After rigorous screening and verification, 22 clinical trials involving PD-1/PD-L1 inhibitors were collected for the final comprehensive analysis.[8–29] The screening process for all enrolled clinical trials was shown in the form of flow diagram (Fig. 1). Risk of bias summary, review authors judgement about each risk of bias item for each included study, was displayed in (Fig. 2).[8–29] After evaluation, all enrolled clinical trials were of high quality.[8–29]

After calculation and analysis, we found that the incidence risk of alopecia for all-grade in the PD-1/PD-L1 group was significantly lower than that in the control chemotherapy group (OR = 0.01, 95% CI: [0.01, 0.04], I2 = 86%, Z = 8.73 [P < 0.00001]; Fig. 3).[8,9,14–19,21–27] This lower incidence trend could also be seen in each subgroup analysis (HNSCC subgroup, Melonoma subgroup, UC subgroup, NSCLC subgroup, and OSCC subgroup) (Fig. 3).[8,9,14–19,21–27] Therefore, we can infer that whether it is PD-1 or PD-L1, compared with chemotherapy, the incidence risk of alopecia for all-grade in the PD-1/PD-L1 group is significantly lower than that in the chemotherapy group.[8,9,14–19,21–27] Through subgroup analysis, we concluded that the existence obvious heterogeneity (I2 = 86%) might mainly originate from those 2 clinical trials involving UC.[16,18] For the funnel plot, we found that there was a enrolled clinical trial that clearly deviated from the center of symmetry, suggesting the existence of publication bias. Through subgroup analysis, it could be inferred that publication bias might mainly originate from the clinical trial of UC (Bellmunt et al).[18] Similar incidence trend of alopecia for grade 3–5 could also be seen (OR = 0.17, 95% CI: [0.05, 0.55], I2 = 0%, Z = 2.97 [P = .003], Fig. 5) without any heterogeneity or publication bias.[8,15,18,19,21,23,25]

When 7 clinical trials of Group B (PD-1/PD-L1 + chemotherapy vs chemotherapy) were taken to evaluate the risk of alopecia for all-grade, no statistically significant results were found (OR = 1.11, 95% CI: [0.95, 1.30], I2 = 34%, Z = 1.29 [P = .20]; Fig. 4).[10–13,20,28,29] In other words, when PD-1/PD-L1 was combined with chemotherapy in the process of anti-tumor therapy, the incidence risk of alopecia was not increased.[10–13,20,28,29] The existence of moderate heterogeneity could be found (I2 = 34%).[10–13,20,28,29] Through subgroup analysis, it could be concluded that the heterogeneity might mainly originate from those 2 clinical trials involving NSCLC (I2 = 48%).[13,20] No obvious publication bias was found among all enrolled clinical trials (Supplemental Digital Content; S Figure 3, http://links.lww.com/MD/E963).[10–13,20,28,29] Similar to the above results, no statistically significant difference in the incidence risk of alopecia for grade 3–5 was found between the experimental and control groups (OR = 0.97, 95% CI: [0.48, 1.97], I2 = 0%, Z = 0.08 [P = .93]; Fig. 6).[10,13,28,29] No heterogeneity and obvious publication bias was found (I2 = 0%) among all enrolled data.[10,13,28,29]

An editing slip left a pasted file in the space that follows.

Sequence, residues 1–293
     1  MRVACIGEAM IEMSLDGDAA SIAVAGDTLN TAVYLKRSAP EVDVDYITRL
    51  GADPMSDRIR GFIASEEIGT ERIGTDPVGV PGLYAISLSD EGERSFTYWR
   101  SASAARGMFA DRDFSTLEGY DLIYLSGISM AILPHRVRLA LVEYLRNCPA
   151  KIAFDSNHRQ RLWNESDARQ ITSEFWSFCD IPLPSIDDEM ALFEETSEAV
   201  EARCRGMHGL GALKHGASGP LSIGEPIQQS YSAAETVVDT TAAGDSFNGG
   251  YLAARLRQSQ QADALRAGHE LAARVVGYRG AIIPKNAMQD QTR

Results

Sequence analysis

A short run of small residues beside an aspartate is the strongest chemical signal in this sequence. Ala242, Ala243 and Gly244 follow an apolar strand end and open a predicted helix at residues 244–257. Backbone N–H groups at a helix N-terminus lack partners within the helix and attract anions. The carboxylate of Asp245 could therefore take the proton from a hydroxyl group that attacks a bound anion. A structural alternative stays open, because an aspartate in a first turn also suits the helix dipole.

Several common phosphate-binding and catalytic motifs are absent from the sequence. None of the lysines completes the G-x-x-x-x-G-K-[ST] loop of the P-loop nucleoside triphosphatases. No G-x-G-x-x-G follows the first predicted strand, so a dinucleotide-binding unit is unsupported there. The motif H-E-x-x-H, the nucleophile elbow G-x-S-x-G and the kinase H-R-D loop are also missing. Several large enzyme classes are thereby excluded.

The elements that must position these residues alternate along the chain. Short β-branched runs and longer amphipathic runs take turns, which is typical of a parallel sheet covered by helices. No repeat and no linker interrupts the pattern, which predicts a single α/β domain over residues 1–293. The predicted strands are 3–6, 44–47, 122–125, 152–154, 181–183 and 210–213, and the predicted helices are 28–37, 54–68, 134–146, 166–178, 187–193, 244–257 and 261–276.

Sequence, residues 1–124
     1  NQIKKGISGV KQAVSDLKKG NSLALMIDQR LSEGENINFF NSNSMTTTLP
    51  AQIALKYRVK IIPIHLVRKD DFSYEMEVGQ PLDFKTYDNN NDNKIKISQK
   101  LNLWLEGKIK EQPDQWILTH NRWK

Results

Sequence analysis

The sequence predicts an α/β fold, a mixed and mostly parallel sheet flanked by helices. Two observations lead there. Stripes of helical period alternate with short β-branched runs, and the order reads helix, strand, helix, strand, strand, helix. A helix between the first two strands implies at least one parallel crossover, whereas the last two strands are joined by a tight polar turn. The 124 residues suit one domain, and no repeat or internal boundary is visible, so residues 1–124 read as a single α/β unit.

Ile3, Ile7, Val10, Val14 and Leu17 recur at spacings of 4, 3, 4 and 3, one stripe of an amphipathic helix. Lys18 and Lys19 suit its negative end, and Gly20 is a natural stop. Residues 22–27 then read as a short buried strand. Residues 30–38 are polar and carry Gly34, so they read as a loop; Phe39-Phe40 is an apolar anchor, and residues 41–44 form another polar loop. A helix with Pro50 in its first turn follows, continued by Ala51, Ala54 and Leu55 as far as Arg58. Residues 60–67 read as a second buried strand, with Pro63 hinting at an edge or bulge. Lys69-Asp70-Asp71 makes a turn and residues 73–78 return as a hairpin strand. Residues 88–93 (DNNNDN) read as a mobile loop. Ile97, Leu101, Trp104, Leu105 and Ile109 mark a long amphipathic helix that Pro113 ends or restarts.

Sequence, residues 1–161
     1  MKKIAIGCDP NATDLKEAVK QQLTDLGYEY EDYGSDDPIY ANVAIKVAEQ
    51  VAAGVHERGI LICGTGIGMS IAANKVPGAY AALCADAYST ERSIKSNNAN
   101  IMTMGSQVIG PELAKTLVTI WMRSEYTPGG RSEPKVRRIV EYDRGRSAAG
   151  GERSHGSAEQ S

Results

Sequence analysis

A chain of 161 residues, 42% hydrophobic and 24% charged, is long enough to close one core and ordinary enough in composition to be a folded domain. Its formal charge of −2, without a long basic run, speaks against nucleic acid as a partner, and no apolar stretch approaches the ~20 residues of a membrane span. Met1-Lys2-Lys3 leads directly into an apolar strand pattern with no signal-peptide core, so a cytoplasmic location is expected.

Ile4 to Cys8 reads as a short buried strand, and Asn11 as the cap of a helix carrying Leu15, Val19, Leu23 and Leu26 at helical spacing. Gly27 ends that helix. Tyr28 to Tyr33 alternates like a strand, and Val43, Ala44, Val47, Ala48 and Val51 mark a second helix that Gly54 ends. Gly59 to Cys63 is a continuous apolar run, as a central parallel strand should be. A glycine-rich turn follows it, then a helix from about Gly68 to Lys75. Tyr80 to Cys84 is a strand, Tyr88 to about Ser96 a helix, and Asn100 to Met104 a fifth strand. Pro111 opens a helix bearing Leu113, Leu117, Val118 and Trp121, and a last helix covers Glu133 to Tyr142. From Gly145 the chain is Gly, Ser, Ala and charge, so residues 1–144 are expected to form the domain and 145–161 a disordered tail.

As safety and satisfactory clinical efficacy in the process of anti-tumor therapy, more and more clinical trials involving PD-1/PD-L1 inhibitors have been putting into practice.[8–29,42–44] Moreover, alopecia was rarely reported in those clinical trials related to PD-1/PD-L1 without chemotherapy.[44–47] Among the clinical trials enrolled in this study, when PD-1/PD-L1 was used alone, no occurrence of alopecia above grade 2 was found.[8,15,18,19,21,23,25] In other words, PD-1/PD-L1 will not cause severe alopecia. Therefore, in the process of anti-tumor therapy, if severe alopecia was encountered, it should be considered to be caused by chemotherapy rather than PD-1/PD-L1 inhibitors. This finding is helpful to guide us to explain the side effects of treatment to patients in clinical work and improve the quality of life of patients.

In a word, the incidence risk of alopecia caused by PD-1/PD-L1 is significantly weaker than chemotherapy, and there is no evidence that PD-1/PD-L1 combined with chemotherapy would increase the incidence risk of aolpecia.

5 Conclusions

The incidence risk of alopecia caused by PD-1/PD-L1 is significantly lower than chemotherapy, and there is no statistical significant evidence that PD-1/PD-L1 combined with chemotherapy would increase the incidence risk of alopecia.

Author contributions

Data curation: Linlin Huang, Xiuhong Ren, Lixia Liu, Xiao Wang.

Formal analysis: Mingkai Li, Linlin Huang, Ling Liu.

Methodology: Mingkai Li.

Resources: Mingkai Li, Qinghong Shi, Ling Liu, Xiao Wang, Llili Yu,Yuan Tian.

Software: Llili Yu.

Supervision: Xiuhong Ren, Fuli Mi.

Validation: Xiuhong Ren, Qinghong Shi, Xiao Wang, Fuli Mi.

Writing – original draft: Fuli Mi.

Writing – review & editing: Fuli Mi.

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Keywords:

aolpecia; cancer; meta-analysis; programmed cell death-1/programmed cell death ligand 1